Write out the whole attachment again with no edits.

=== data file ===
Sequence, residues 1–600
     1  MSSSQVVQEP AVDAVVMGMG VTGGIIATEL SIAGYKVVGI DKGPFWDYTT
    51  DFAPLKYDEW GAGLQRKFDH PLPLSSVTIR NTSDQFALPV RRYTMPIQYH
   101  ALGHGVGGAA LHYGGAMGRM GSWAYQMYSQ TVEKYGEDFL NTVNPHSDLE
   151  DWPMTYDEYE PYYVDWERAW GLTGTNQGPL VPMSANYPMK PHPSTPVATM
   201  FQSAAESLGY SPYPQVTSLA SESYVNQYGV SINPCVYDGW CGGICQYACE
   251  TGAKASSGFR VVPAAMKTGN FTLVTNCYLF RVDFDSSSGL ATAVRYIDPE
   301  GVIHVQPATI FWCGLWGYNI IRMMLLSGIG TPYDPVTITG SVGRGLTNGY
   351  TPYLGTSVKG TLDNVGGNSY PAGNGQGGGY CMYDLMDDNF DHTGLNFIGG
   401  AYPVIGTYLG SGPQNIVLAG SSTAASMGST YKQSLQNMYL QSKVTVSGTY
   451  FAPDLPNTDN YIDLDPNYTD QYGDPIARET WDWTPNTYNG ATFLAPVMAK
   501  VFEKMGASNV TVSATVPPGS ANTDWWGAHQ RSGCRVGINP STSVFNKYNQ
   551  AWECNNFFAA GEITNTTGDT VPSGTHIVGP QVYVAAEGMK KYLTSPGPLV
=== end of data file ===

Sequence, residues 1–600
     1  MSSSQVVQEP AVDAVVMGMG VTGGIIATEL SIAGYKVVGI DKGPFWDYTT
    51  DFAPLKYDEW GAGLQRKFDH PLPLSSVTIR NTSDQFALPV RRYTMPIQYH
   101  ALGHGVGGAA LHYGGAMGRM GSWAYQMYSQ TVEKYGEDFL NTVNPHSDLE
   151  DWPMTYDEYE PYYVDWERAW GLTGTNQGPL VPMSANYPMK PHPSTPVATM
   201  FQSAAESLGY SPYPQVTSLA SESYVNQYGV SINPCVYDGW CGGICQYACE
   251  TGAKASSGFR VVPAAMKTGN FTLVTNCYLF RVDFDSSSGL ATAVRYIDPE
   301  GVIHVQPATI FWCGLWGYNI IRMMLLSGIG TPYDPVTITG SVGRGLTNGY
   351  TPYLGTSVKG TLDNVGGNSY PAGNGQGGGY CMYDLMDDNF DHTGLNFIGG
   401  AYPVIGTYLG SGPQNIVLAG SSTAASMGST YKQSLQNMYL QSKVTVSGTY
   451  FAPDLPNTDN YIDLDPNYTD QYGDPIARET WDWTPNTYNG ATFLAPVMAK
   501  VFEKMGASNV TVSATVPPGS ANTDWWGAHQ RSGCRVGINP STSVFNKYNQ
   551  AWECNNFFAA GEITNTTGDT VPSGTHIVGP QVYVAAEGMK KYLTSPGPLV